"Green" dishes and tableware:

For greener entertaining, here are some good choices for dishes, glasses, and silverware—in order of their eco-friendliness:

1) Re-usables—Use your own china, glassware, and silverware. "It's not that hard to wash dishes after a party," says Zem Joaquin of House & Garden. "I think people should do that. Bite the bullet." For a large and more formal party, the cost of renting china, glassware, and silverware can add up—but at least you save clean-up time.

And some of the heavier-gauge solid plastic dishes sold in packs of 25 or 50 actually can be hand-washed, dried, and re-used, if you choose to do so.

Photo credit: Bambu Veneerware by Sur La Table

2) Biodegradable dishes and service pieces—One fast-growing party staple is tableware that you can throw away, but that won't live forever in a landfill. Dishes made of sugar cane, or corn-based products will biodegrade in about six months. Bamboo is also hot right now; it's being used in a wide assortment of serving pieces, since bamboo is quickly renewable, strong, and biodegradable.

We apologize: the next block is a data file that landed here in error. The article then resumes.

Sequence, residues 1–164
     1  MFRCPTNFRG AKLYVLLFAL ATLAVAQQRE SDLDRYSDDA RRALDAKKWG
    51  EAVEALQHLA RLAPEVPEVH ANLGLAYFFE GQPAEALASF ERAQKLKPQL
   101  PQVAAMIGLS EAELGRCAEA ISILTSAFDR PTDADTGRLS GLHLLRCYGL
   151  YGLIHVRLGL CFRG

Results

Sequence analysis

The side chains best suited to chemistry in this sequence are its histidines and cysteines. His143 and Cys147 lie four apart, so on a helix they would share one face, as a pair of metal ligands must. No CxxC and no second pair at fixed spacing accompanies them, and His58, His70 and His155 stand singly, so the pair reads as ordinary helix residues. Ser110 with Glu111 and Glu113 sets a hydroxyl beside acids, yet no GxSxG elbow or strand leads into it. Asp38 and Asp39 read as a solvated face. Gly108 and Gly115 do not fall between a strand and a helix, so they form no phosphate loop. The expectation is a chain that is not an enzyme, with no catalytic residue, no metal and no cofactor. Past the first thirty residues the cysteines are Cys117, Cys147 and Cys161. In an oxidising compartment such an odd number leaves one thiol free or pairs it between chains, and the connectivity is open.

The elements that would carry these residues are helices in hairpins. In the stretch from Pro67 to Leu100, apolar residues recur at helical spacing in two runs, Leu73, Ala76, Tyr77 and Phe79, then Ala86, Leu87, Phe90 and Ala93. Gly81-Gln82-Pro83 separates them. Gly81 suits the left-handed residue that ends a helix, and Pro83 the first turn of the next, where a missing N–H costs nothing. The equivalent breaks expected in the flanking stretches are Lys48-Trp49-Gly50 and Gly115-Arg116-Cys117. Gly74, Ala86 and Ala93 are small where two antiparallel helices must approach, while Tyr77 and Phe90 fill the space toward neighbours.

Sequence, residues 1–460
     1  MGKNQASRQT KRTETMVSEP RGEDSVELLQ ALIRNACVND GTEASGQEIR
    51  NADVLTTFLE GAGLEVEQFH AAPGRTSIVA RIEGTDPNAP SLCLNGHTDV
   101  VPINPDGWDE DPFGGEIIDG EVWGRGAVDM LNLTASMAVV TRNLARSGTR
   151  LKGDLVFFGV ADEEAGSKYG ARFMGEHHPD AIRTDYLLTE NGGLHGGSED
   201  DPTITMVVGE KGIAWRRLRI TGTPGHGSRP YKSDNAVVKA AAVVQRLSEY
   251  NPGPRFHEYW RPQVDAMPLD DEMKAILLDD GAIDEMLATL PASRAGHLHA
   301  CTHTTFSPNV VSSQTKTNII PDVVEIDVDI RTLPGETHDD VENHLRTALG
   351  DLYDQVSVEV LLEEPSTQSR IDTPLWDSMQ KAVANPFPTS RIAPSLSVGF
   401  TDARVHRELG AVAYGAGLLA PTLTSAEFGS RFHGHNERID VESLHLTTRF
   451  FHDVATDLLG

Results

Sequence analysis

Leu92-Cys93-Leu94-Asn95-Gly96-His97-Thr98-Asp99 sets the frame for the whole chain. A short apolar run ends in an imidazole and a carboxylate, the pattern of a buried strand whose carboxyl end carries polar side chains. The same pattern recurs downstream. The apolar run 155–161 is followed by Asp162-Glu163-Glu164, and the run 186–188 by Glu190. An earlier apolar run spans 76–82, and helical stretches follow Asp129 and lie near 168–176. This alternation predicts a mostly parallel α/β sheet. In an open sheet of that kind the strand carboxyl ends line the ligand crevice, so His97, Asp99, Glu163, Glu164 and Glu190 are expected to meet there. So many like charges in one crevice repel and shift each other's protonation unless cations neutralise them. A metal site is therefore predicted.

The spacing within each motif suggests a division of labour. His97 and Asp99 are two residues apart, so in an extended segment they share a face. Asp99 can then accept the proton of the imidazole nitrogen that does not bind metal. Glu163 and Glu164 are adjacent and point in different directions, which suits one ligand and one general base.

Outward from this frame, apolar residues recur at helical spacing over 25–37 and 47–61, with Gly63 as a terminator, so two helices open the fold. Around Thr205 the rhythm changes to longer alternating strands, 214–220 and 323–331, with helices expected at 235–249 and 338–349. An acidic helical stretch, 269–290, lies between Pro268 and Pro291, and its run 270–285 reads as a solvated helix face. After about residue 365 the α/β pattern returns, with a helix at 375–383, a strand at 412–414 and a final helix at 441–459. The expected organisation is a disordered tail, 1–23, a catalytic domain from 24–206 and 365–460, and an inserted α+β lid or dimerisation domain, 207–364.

The Whole Foods chain carries a number of such products. Also, enter "biodegradable" in the search box at the top of Plum Partyto find more than 3 dozen biodegradable dishes, napkins, placemats, and other party supplies.

Other sources for biodegradable dishes, serving ware, and tabletop décor include:

NatureWorks (natureworksllc.com)
World Centric (worldcentric.org)
Greenfeet (greenfeet.com)
Branch Home (branchhome.com)
The Green Office (branchhome.com)
Re:Modern (re-modern.com)

Click here to find biodegradable dishes and other serveware at Amazon.com

Disposable paper and plastics can be Earth-friendly if the paper is made with recycled components and if the plastic is derived from sugar, potatoes, corn, wheat, or other biodegradable materials.

Paper goods will eventually break down, but you may want to avoid most lightweight plastic disposables if your goal is to decrease long-lasting waste.

What type of dishes, cups, and other party ware should you avoid whenever possible? That's an easy one, according to most environmentalists: Styrofoam.